Cuomo’s proposed budget includes $38M in cuts to Brooklyn hospitals

FILE PHOTO: New York Governor Andrew Cuomo speaks in front of stacks of medical protective supplies at a news conference at the Jacob K. Javits Convention Center which will be partially converted into a temporary hospital during the outbreak of the coronav
State lawmakers blasted the governor for austerity measures that they say would harm central Brooklyn hospitals.
Reuters/Mike Segar

Governor Andrew Cuomo’s administration proposed significant cuts to the New York State budget last month that could lead to a $38 million funding decrease for central Brooklyn hospitals — just as they reel with financial hardship from the novel coronavirus outbreak.

Lawmakers are scrambling to put together a workable balanced state budget by April 1, and Cuomo’s untimely proposed budget cuts present the latest sticking point that threatens to derail the process.

“The proposed cuts to our hospitals in central Brooklyn are cruel, inhumane and unacceptable,” wrote State Sen. Zellnor Myrie and Assemblywoman Diana Richardson in a letter to Cuomo. “We should be providing additional aid — not austerity budgets — during this pandemic.”

The governor’s Medicaid Redesign Team included the budget reduction as part of the upcoming state budget process in order to deal with a Medicaid deficit. Statewide, the Cuomo-appointed panel recommended $400 Million in cuts to Medicaid spending — $186 Million of which would affect New York City’s public hospital system.

Central Brooklyn medical facilities such as Kings County Hospital, Brookdale University Hospital, and Kingsbrook Jewish Medical Center stand to lose millions in funding, which comes as they grasp for both finances and resources to deal with the massive influx of coronavirus cases descending on the borough’s hospitals.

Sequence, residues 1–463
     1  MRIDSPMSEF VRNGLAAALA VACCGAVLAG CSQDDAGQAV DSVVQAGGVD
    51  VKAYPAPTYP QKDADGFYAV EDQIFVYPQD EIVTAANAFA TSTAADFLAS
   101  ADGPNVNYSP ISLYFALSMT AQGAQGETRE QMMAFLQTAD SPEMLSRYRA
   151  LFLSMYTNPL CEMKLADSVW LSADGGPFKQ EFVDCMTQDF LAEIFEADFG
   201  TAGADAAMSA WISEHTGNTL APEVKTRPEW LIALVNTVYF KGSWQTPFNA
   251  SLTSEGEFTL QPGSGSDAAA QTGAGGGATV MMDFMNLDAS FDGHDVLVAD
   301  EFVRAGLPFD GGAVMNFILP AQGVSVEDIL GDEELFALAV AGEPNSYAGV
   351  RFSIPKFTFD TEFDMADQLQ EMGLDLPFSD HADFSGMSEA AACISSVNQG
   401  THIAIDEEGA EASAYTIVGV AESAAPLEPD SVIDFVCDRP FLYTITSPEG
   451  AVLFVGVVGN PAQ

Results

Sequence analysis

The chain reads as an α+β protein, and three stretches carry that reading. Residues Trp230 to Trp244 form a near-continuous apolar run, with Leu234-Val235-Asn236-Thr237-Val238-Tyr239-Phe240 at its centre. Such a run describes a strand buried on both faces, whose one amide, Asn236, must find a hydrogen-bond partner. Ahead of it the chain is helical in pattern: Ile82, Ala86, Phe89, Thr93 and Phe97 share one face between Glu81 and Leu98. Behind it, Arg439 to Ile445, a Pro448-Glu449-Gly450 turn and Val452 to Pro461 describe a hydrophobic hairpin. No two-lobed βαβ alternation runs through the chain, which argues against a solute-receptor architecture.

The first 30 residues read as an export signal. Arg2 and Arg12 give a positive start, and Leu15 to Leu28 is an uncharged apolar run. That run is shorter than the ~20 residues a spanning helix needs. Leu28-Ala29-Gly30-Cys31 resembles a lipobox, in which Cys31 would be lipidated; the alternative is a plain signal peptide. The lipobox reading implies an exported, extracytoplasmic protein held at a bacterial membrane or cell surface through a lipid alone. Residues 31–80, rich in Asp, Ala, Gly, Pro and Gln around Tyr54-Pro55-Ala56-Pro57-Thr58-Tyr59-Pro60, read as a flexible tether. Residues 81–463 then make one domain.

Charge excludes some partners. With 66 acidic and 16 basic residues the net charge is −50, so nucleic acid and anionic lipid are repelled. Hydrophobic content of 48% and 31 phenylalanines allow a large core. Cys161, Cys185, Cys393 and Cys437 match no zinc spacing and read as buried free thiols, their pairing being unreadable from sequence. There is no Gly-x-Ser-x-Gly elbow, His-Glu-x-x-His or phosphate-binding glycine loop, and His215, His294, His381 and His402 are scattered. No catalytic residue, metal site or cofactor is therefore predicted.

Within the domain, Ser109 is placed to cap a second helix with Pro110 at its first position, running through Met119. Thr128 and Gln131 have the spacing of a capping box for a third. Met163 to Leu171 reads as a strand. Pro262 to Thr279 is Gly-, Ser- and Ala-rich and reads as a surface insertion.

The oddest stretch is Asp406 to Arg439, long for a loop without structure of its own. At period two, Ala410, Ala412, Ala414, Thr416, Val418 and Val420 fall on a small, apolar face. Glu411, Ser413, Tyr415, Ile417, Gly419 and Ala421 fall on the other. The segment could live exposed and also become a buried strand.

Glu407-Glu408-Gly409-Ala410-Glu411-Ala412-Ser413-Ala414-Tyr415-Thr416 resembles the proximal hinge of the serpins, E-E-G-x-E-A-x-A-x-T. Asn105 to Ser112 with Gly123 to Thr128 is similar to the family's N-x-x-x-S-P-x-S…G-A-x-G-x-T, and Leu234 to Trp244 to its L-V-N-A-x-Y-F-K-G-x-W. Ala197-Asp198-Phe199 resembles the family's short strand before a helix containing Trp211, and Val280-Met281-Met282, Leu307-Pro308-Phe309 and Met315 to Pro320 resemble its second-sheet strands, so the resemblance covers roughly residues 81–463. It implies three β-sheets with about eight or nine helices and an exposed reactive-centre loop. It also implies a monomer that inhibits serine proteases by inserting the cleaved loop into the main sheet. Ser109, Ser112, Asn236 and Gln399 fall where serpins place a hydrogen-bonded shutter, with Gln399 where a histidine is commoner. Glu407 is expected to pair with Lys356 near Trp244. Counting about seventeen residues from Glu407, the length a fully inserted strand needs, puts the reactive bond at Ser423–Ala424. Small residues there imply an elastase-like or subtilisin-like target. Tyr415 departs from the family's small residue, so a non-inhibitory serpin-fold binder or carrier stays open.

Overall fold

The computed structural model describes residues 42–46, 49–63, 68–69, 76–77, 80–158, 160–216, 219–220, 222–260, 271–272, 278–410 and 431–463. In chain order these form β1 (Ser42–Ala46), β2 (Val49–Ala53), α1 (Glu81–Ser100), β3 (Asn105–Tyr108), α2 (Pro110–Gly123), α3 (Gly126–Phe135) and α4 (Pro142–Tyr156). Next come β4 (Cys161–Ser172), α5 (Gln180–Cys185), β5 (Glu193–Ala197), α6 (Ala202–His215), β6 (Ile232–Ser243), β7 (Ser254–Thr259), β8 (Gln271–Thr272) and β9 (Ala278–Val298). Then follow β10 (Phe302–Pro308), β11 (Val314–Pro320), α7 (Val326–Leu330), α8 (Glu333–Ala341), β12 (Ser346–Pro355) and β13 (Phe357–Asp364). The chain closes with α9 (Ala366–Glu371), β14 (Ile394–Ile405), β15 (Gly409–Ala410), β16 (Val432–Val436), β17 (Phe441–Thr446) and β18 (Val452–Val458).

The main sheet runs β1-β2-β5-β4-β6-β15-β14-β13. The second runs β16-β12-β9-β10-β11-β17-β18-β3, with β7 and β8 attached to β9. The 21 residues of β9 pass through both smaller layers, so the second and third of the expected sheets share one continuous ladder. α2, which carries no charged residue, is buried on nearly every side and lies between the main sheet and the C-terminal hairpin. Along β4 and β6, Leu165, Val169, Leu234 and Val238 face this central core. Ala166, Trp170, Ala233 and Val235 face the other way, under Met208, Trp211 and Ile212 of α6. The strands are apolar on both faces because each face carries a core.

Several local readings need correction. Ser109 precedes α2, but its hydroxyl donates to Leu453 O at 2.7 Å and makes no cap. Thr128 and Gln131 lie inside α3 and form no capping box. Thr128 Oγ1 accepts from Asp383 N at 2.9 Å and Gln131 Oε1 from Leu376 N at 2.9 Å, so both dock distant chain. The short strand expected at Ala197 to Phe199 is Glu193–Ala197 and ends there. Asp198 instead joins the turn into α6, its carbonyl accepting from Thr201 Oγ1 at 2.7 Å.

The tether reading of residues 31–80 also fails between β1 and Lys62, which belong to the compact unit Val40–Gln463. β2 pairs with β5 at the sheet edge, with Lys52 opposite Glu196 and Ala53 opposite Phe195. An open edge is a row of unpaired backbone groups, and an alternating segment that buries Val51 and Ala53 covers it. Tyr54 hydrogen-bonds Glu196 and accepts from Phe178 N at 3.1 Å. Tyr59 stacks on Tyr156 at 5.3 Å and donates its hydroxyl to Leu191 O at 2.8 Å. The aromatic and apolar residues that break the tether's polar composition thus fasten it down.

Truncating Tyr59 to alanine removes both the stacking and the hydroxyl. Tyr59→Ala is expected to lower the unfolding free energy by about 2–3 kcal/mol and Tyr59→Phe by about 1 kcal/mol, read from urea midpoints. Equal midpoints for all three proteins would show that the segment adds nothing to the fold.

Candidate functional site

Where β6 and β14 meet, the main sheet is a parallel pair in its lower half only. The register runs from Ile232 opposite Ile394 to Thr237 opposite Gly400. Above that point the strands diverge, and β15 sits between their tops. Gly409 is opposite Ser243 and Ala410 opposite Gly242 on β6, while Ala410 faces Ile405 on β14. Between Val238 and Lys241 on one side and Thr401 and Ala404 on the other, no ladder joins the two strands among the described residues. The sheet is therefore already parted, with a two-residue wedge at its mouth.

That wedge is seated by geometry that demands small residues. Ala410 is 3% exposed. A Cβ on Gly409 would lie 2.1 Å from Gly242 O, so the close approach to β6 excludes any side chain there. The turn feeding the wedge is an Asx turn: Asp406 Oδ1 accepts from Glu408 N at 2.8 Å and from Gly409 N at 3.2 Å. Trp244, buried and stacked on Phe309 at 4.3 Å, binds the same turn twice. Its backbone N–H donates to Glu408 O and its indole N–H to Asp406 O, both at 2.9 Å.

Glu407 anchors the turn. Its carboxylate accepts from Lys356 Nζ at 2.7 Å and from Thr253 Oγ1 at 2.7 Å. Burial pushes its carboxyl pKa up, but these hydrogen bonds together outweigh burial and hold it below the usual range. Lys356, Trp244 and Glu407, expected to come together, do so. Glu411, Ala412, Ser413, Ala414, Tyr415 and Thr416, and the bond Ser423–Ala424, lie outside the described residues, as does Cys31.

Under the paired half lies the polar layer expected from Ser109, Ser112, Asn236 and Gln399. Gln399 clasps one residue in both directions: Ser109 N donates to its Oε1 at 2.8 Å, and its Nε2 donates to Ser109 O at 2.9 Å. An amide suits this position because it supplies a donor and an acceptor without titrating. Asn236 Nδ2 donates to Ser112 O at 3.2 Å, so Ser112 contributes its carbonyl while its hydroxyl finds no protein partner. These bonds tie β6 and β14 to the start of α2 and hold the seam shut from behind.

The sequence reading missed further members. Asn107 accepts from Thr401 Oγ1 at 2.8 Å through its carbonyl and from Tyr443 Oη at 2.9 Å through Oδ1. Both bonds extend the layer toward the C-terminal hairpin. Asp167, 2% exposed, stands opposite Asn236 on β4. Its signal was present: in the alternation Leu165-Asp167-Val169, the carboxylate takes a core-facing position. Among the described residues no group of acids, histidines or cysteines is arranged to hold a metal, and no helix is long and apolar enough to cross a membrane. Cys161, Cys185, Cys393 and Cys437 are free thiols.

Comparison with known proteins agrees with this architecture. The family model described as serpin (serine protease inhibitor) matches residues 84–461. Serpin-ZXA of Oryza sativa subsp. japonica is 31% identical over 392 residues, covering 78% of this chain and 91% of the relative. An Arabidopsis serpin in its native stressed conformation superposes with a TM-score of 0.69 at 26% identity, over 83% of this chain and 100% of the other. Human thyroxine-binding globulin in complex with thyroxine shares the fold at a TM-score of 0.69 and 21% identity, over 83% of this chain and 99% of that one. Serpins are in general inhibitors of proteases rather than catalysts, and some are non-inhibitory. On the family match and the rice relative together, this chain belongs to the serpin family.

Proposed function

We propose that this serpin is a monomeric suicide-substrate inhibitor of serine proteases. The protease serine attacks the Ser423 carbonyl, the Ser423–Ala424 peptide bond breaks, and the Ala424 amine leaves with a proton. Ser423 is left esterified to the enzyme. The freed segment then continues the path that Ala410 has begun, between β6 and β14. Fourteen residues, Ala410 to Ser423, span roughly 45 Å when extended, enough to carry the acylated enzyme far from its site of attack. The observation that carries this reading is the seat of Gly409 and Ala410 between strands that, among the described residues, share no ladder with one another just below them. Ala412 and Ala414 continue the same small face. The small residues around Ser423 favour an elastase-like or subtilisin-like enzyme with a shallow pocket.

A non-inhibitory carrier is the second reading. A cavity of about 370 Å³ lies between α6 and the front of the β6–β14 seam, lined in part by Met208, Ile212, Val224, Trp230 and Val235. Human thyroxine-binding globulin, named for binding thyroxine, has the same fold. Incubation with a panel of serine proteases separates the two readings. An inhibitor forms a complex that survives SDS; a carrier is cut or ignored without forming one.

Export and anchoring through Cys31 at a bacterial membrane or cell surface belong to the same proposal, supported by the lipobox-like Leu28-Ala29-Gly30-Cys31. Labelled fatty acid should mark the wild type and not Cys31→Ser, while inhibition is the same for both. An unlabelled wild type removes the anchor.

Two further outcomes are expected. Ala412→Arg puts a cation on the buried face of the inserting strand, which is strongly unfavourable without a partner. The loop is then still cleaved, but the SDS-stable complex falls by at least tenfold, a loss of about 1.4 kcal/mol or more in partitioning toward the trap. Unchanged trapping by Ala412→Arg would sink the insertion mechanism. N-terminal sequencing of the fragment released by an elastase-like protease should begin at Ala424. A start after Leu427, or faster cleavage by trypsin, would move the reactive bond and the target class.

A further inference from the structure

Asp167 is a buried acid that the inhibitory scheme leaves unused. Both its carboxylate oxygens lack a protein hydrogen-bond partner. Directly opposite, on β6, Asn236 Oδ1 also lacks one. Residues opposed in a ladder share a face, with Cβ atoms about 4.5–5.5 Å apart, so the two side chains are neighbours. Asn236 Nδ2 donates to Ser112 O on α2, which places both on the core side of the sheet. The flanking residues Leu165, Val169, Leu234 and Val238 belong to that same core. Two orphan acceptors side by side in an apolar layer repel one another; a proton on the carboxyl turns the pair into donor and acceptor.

The situation is rapidly deteriorating as cases rise, and many local politicians are worried about the financial hole that hospitals will find themselves in when the virus subsides — and the lack of preparation for future health crises. 

Kings County Hospital is operating at 95 percent capacity, and washing face masks with hand sanitizer. SUNY Downstate doctors are being asked to split life-saving ventilators between patients. Brookdale is understaffed as they’ve been forced to send home essential staff who have fallen ill.

Adding to the ire of local leaders, these hospitals mainly serve low-income communities of color, and according to city data released Friday are among the regions with the highest percentages of positive COVID-19 tests.

Myrie and Richardson pointed to the governor’s own words at a press conference earlier this week, where Cuomo pledged that New York State would “fight every way we can to save every life we can.”

“We agree,” the electeds said. “As such, we cannot in good conscience accept a budget that includes these cuts.”

The governor’s office did not respond to a request for comment about whether the coronavirus outbreak has changed his administration’s stance on the proposed budget cuts to the state’s medical system.